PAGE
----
Google has released Chrome 59 stable with native notifications on macOS, and more Material Design changes to browser settings.
Chrome 59 is available for Windows, Mac, and Linux, but this version most notably displays Chrome notifications in Apple's desktop Notification Center.
Google started development of native Chrome notifications for macOS last year and flagged their arrival with the Chrome 59 beta last month. Besides following macOS notification design guidelines, notifications from Chrome will also abide by the macOS Do Not Disturb setting.
All Chrome notifications will bear the Chrome logo in the macOS notification box rather than the web developer's logo, as they did with Chrome's notification system.
Developers may need to adjust their Chrome notifications to conform with Apple's guidelines. For example, embedded images are no longer supported on macOS. There are several changes to Chrome extensions that use notifications, which Google has outlined.
Chrome may soon also support native Windows notification. Nearly two years ago, Chromium developers flatly refused requests for Chrome to support the Windows 10 Action Center notifications, in part to maintain consistency with the then more widely-used Windows 7 and Windows 8.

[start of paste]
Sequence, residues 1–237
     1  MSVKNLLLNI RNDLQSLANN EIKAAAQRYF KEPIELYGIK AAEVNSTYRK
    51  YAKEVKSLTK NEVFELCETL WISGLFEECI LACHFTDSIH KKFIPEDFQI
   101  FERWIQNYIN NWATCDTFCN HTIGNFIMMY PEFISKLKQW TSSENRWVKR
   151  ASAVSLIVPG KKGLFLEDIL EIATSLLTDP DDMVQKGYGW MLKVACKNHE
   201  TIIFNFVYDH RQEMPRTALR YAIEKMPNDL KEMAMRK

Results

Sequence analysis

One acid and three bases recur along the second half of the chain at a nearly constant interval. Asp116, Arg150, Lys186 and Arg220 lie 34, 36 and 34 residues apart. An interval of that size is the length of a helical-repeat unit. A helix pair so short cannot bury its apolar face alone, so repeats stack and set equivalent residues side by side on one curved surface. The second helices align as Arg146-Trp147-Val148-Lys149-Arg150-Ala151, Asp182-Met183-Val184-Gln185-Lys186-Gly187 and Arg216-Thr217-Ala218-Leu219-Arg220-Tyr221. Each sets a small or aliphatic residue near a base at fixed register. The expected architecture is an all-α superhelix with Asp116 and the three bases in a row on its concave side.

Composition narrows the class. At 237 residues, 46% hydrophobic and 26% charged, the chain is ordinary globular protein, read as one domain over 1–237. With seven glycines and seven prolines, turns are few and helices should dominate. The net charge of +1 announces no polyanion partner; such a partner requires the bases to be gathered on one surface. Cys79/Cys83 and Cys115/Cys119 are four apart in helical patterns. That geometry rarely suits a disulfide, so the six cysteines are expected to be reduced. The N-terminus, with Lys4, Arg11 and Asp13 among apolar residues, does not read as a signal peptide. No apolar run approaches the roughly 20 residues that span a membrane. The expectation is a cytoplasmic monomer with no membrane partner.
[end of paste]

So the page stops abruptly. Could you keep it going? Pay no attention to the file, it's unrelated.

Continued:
The Chromium team tagged the request as 'WontFix' and told users that "maybe we can revisit it in a few years when most users are on Win 10 :)". Since then the Chromium team has changed the status of this request from 'WontFix' to 'available'.
There's no timeline for Action Center support, but in March a Chromium developer said the team was "still very much interested" in adding it.
"We'll just have to revise a timeline in which it's feasible to implement support for this," the developer said.
Chrome 59 also introduces Headless Chromium allowing it to run in a server environment for purposes such as automating web-application testing with tools such as Selenium.
Finally, Google has rolled out Material Design for the Chrome Settings page. It started the work over a year ago, but that had to be manually enabled though Chrome flags.
The new Settings page features a cleaner look with a search box to find relevant settings, and the familiar hamburger menu at the top-left corner with shortcuts to people, appearance, search engine, default, and start-up settings.